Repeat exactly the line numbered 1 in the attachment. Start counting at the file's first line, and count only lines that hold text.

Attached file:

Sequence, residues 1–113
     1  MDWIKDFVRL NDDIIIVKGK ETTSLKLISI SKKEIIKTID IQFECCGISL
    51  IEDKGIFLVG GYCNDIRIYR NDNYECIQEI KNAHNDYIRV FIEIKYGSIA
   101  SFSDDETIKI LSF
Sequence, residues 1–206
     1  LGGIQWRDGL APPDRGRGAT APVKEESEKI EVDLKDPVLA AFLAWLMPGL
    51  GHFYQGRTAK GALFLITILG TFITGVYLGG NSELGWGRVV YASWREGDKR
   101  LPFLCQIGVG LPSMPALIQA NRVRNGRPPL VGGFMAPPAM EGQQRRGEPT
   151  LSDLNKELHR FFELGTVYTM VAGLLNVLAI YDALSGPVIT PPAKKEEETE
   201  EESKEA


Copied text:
Sequence, residues 1–113